July 14, 2024
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Teaneck Police Charge Water Gun Shooters With Harassment

Last Friday, Matthew A. Davis, 21, of Teaneck, Michael A. Davis, 23, of Teaneck and Tyrell N. Culver, 21, of Teaneck, were arrested. Each was charged with two counts of harassment, stemming from their shooting water guns at two Jewish men departing their synagogue after Friday evening services. The perpetrators squirted water from a moving car on July 12 on Perry Lane, near Young Israel of Teaneck. The announcement was made in a press release from Teaneck Chief of Police Glenn M. O’Reilly.

“On Friday, July 12, at approximately 9:11 p.m., officers from the Teaneck Police Department responded to [a private address] in Teaneck on a report of a possible bias incident,” read a statement released by the police department.

“At approximately 9:00 p.m., services had concluded and the victim began walking home. As the victim was walking north on Perry Lane, he observed a silver Honda Accord also traveling north on Perry Lane. As the vehicle passed the victim, a stream of water was sprayed from inside the vehicle striking him as well as another member of the congregation.” This differs from the account published in The Jewish Link (https://tinyurl.com/y6gaec2t) with interviews of both victims, one of whom preferred not to be named. In that report, it was indicated that one victim was sprayed while the vehicle was driving away from the Perry Lane synagogue, and the other victim was sprayed during the car’s return to the dead-end street.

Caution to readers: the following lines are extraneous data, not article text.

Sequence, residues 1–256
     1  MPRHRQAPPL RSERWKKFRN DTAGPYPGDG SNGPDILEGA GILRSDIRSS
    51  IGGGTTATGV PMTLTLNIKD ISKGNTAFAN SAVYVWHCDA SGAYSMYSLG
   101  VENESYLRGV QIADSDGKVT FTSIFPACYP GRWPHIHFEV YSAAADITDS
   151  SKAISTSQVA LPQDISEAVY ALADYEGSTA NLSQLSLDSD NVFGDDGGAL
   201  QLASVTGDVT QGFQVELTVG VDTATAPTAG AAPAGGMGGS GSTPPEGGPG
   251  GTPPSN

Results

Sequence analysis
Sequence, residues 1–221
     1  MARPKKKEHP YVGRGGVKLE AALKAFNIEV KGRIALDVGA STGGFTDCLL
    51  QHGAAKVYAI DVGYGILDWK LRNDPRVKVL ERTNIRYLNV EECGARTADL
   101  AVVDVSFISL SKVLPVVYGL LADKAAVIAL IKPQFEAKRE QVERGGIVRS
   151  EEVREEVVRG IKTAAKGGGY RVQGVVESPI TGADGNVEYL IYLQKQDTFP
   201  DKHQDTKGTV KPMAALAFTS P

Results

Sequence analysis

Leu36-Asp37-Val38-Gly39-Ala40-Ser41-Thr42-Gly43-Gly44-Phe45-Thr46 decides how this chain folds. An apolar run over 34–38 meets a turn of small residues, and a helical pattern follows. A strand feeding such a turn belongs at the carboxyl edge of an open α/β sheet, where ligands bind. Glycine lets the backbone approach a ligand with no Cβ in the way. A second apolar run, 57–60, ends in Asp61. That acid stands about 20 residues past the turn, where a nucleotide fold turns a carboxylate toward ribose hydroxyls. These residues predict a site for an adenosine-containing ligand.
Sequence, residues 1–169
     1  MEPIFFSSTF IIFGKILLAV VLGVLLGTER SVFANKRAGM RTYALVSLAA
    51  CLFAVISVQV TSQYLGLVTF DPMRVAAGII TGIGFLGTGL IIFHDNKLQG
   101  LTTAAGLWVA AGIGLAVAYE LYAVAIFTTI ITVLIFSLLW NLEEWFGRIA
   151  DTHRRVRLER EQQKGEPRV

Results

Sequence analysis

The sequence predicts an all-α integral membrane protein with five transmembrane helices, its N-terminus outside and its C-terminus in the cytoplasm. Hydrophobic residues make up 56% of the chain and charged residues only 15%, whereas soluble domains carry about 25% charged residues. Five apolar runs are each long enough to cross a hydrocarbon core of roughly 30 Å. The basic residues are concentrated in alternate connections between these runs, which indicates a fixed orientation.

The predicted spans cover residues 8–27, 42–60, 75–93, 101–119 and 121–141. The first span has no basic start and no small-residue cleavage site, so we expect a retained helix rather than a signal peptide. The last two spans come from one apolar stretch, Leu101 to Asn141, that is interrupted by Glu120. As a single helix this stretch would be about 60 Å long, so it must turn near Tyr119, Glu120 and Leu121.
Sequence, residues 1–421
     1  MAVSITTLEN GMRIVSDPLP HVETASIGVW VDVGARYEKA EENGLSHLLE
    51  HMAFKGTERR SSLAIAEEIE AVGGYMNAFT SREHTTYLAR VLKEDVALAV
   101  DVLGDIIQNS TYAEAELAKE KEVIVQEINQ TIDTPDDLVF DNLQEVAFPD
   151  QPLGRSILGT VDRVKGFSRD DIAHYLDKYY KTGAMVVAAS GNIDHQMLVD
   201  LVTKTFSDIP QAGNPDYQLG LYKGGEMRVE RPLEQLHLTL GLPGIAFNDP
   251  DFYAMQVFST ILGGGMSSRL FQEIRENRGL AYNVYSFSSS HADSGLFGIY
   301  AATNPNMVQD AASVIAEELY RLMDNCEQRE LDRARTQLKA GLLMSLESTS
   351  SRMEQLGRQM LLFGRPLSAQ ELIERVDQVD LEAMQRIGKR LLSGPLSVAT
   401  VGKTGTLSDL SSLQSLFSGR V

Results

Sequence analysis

The police reported that one of the victims shouted at the vehicle to stop and that one of the vehicle occupants made an anti-Semitic comment prior to the vehicle fleeing the scene. The victim then went home and provided the police with a description of the vehicle and its license number.

Teaneck police found the car at the residence of Matthew A. Davis and Michael A. Davis, who along with Tyrell Culver, ultimately admitted to spraying both victims with water, according to the police statement. “Through further investigation it was unable to be conclusively confirmed that an anti-Semitic statement was made during the incident. In consultation with the Bergen County Prosecutor’s Office, it was determined that there was insufficient evidence for a charge of bias intimidation. Subsequently, each of the actors was charged with two counts of harassment in violation of 2C:33-4c.”

Community Reacts

The Young Israel of Teaneck made the following statement to the media: “The incident has been reported to the authorities. We have always had a great relationship with all of our neighbors of all backgrounds. At this time we do not know whether the incident was anti-Semitic in nature. We will cooperate with the authorities’ investigation.”

After the charges of harassment were announced, some residents felt it was appropriate, while others felt that the charges were not consistent with the events that occurred. Some said they feel that a misdemeanor harassment charge would not be a significant enough deterrent to prevent future assault on Teaneck’s vibrant Jewish community. Many reactions were posted to Facebook following Deputy Mayor Elie Katz’s announcement of the arrests and the associated charges.